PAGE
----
All things considered, even bad news is necessary

Michael Tortorich
Michael Tortorich is a reporter for The Gonzales Weekly Citizen. He can be reached at reporter1 @

There’s no shortage of bad news out there lately, that’s for sure.

While we all would love to open up newspapers and check news sites and only find stories on bake sales and quilting contests, unfortunately, that’s not the world in which we live.

Journalists owe it to their readers to accurately expose the world for what it really is. They hold up the mirror to society and reflect back an image, and, simply put, it is what it is.

We’re all bombarded by news of the recession on a daily basis. People are losing their jobs and many don’t know where to turn.

A poor economy has a far reach in the lives of everyone. Many are left with nowhere to go, and that in turn ends up affecting children as well.

A new report found that most states have inadequate plans to address the problem of homeless children. It found one in every 50 American children experiences homelessness.

Analysts from the National Center on Family Homelessness looked at data from 2005 to 2006 and found that Louisiana tops the list with the highest rate with just under 19 percent. Researchers did note that number may have been unusually high since the figures were gathered after hurricanes Katrina and Rita.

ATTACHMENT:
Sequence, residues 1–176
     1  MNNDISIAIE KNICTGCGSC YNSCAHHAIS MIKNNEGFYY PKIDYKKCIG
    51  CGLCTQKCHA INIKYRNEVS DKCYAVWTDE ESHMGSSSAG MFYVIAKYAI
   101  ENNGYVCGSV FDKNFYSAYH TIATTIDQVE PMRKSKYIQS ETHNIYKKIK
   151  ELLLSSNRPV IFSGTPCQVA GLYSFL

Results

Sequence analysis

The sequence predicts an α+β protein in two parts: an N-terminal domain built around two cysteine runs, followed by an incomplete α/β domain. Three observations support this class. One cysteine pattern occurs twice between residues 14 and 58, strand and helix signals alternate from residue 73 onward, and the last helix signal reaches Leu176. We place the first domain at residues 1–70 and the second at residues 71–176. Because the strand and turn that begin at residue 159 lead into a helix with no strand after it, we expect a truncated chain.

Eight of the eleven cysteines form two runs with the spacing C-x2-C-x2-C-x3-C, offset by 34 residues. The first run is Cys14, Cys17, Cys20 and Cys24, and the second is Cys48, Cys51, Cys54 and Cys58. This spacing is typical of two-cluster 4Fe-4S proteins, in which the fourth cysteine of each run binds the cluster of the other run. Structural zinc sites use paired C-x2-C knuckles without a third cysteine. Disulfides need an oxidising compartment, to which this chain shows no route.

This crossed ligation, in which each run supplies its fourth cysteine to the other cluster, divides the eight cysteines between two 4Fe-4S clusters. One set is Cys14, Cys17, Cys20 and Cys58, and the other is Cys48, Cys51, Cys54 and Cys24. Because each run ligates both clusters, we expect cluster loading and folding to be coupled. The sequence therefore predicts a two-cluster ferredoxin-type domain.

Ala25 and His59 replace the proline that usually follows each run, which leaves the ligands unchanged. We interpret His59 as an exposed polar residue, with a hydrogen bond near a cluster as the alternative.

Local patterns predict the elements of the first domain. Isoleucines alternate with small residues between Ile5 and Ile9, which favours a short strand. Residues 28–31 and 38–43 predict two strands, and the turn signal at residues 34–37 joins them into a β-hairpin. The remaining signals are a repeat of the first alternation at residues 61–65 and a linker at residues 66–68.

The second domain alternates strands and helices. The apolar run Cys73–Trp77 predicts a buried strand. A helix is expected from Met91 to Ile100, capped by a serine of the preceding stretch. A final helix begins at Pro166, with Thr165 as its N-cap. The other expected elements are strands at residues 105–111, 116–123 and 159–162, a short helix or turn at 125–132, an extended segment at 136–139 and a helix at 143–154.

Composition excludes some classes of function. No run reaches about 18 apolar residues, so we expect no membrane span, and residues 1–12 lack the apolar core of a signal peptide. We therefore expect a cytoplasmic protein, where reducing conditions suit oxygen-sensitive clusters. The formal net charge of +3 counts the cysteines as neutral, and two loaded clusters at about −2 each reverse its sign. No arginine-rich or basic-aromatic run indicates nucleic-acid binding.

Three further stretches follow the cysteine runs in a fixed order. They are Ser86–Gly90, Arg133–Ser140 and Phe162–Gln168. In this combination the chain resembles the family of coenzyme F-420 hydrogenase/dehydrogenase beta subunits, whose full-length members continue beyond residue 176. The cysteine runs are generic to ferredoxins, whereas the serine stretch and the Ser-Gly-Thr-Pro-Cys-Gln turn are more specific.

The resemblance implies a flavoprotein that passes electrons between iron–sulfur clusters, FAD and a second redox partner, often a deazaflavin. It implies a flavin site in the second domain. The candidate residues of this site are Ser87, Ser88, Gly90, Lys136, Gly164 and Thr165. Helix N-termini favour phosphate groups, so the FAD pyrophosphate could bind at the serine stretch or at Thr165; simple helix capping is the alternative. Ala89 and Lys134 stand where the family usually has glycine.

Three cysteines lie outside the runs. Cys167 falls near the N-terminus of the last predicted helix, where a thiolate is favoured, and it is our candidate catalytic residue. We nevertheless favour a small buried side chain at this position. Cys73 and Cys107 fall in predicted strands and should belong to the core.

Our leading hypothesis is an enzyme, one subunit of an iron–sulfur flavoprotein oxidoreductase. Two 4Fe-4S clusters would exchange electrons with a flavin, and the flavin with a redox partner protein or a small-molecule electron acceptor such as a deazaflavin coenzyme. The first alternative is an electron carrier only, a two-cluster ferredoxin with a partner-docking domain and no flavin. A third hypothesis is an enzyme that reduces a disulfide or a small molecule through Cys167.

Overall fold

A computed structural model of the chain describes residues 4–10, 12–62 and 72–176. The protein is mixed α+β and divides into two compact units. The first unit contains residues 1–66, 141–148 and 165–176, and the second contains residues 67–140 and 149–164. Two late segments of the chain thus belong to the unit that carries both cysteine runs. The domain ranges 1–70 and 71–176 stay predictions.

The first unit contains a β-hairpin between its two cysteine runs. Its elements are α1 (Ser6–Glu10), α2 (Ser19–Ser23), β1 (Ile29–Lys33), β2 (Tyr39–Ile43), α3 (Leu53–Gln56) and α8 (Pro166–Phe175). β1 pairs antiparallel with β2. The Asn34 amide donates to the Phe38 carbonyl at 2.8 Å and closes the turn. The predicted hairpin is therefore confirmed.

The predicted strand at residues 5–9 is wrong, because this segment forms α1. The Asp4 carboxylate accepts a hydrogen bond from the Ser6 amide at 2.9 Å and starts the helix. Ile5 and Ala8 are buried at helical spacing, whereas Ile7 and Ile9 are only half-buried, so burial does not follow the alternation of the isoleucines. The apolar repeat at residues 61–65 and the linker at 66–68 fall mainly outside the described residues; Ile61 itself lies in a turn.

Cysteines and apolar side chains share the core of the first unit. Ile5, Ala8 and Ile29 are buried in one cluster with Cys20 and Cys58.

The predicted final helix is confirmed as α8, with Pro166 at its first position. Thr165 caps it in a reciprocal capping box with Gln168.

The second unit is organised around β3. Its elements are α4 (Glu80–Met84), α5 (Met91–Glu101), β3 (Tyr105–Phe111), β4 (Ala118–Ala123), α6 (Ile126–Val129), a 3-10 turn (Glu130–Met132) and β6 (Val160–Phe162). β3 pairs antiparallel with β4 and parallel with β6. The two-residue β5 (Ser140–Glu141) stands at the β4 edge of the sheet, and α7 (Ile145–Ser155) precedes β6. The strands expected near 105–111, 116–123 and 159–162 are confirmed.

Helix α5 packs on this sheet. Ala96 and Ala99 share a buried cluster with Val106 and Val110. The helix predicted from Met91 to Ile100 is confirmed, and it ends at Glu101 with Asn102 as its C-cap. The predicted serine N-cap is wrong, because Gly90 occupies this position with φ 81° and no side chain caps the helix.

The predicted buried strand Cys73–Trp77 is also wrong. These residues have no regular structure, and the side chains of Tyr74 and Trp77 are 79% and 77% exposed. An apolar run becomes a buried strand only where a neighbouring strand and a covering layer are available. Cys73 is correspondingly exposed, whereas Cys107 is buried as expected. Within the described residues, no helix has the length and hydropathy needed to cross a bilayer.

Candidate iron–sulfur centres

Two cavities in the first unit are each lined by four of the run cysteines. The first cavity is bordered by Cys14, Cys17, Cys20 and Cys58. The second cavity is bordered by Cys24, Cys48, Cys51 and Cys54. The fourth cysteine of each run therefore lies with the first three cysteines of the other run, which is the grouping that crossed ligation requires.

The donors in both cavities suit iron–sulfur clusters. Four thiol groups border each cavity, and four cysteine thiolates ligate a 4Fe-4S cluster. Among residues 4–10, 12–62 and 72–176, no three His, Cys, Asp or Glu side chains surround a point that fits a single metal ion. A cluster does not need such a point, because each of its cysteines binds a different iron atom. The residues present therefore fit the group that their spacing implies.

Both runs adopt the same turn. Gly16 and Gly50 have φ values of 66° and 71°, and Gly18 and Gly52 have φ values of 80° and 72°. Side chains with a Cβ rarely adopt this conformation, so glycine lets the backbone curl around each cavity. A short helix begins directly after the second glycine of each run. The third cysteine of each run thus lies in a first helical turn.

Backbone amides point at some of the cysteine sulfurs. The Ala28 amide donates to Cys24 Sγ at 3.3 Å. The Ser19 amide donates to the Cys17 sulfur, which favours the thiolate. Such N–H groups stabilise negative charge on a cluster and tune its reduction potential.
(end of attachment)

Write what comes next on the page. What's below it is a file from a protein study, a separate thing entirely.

Even people with homes and jobs have cause for concern.

In the River Parishes area, many are employed at the various plants that line the Mississippi.

While safety is preached as a top priority when dealing in often dangerous conditions, many know they can be in harm’s way at any given moment.

Just this week an explosion and fire at an oil offloading facility in St. James Parish killed one man and injured three people.

Of course some accidents cannot be avoided, but this should serve as a reminder of the importance of safety.

In another recent tragic incident, innocent bystanders died after an accused intoxicated man struck them as they walked on a roadway near Southeastern Louisiana University in Hammond.

This comes as Gov. Bobby Jindal is pushing to make changes to the way the state prosecutes drunk drivers.

An incident like the one in Hammond puts real faces on the victims of drunken driving, adding to the many others who die needlessly due to the irresponsibility of some drivers.

To add insult to injury, the Tangipahoa Parish Sheriff’s Office somehow lost the report of a prior DWI arrest of the suspect.

And last but certainly not least came the horrible discovery of several dead animals along a creek in Livingston Parish between French Settlement and Colyell.

As authorities investigate the matter, much speculation has been made as to how the animals ended up there and if there were any criminal acts involved.

As gruesome as the details may be, the media did right by exposing the story.

News is not always pretty, as evident by all of these stories, but it is vital.

As tough as it may be to digest, sometimes we simply need to know.